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We’ve watched the incredible skill and beauty of human physicality at the Rio Olympics. In all sports and in everything we do, it takes the coordinated activity of the nervous system, consisting of billions of nerve cells working together. Of course anything performed effortlessly takes years of dedication and practice. That only happens when we repeatedly stimulate and strengthen neurons with repeated use. Our circuits fire better together. But it’s not just in sports that repetition is crucial for skill development, but in all learning. In Beautiful Practice, Frank Forencich suggests that every moment of human life is a rep.

Turns out we are always etching grooves in our brains and nervous system, Forencich says.We are always practicing something, and that very practice helps us become more of that very thing he says.

So this month, whatever you find yourself doing, be it cognitive, spiritual or physical, keep doing your reps.Start with the small stuff, like cleaning up your desk, or walking with better posture. Maybe it’s running like the wind, like Bolt, grace and beauty in every step.

Every rep you do counts for a better , more alive you. Photo|| SQNSport.com

Every rep you do counts for a better, more alive you. Photo|| SQNSport.com

A single rep is where it all starts.

New Years Resolutions-Do they work?

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Model Katie Lee holds a kettle bell pondering her New years Resolution.

Model Katie Lee holds a kettle bell   and ponders her New Year’s resolutions. Health and Fitness Specialist Connie Aronson recommends that those who wish to keep their resolutions ” wait 10 minutes” or ” write themselves a letter.” Courtesy photo of Connie Aronson.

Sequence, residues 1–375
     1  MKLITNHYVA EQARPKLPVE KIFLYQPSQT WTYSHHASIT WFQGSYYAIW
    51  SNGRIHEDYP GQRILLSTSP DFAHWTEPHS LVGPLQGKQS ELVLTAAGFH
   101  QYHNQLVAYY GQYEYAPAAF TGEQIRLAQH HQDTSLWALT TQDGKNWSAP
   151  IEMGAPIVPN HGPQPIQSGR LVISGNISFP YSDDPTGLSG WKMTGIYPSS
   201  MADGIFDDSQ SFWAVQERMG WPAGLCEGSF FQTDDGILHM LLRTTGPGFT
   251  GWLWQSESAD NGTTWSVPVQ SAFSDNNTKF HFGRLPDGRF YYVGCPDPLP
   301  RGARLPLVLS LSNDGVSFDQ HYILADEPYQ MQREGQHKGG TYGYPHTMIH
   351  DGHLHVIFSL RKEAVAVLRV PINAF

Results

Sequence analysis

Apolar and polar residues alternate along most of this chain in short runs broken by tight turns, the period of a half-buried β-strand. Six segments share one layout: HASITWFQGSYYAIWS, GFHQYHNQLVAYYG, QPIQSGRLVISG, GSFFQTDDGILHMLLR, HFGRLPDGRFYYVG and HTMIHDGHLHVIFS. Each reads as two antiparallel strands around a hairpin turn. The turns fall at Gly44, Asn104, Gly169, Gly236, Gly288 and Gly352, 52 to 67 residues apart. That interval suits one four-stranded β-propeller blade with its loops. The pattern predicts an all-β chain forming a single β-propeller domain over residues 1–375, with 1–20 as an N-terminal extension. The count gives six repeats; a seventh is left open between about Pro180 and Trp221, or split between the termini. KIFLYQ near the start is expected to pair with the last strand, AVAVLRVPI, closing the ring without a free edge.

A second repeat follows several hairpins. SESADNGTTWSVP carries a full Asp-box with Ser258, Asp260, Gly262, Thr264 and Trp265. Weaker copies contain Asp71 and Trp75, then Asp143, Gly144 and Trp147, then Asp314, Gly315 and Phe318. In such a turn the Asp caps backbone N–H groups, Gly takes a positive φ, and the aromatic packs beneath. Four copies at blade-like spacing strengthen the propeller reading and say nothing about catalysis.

Every year, 45% of Americans make a New Year’s Resolution, an earnest promise to be better or try harder. Call them the agents of change, as theses people are ten times more likely to attain their goals.
Last year, according to a University of Scranton study, losing weight, getting organized, spending less and saving more were the top three resolutions. Maybe the bravery of setting new goals is just too overwhelming for the rest of us. After all, change is hard.

The good news is that you don’t need a new diet or self-help book, or just plain will power. Science shows that our bodies and brains need to get on board together. We need to understand why we aren’t already doing the particular things we need to do for change to occur.

We all struggle with temptation, addictions, distractions, excuses, and procrastination. Overeating chocolate mint brittle all week long doesn’t mean you are a bad person. Our struggles are universal experiences and part of the human condition. “Our human nature,” writes Kelly McGonigal, Ph.D., in The Willpower Instinct, “includes both the self that wants instant gratification and the self with a higher purpose.”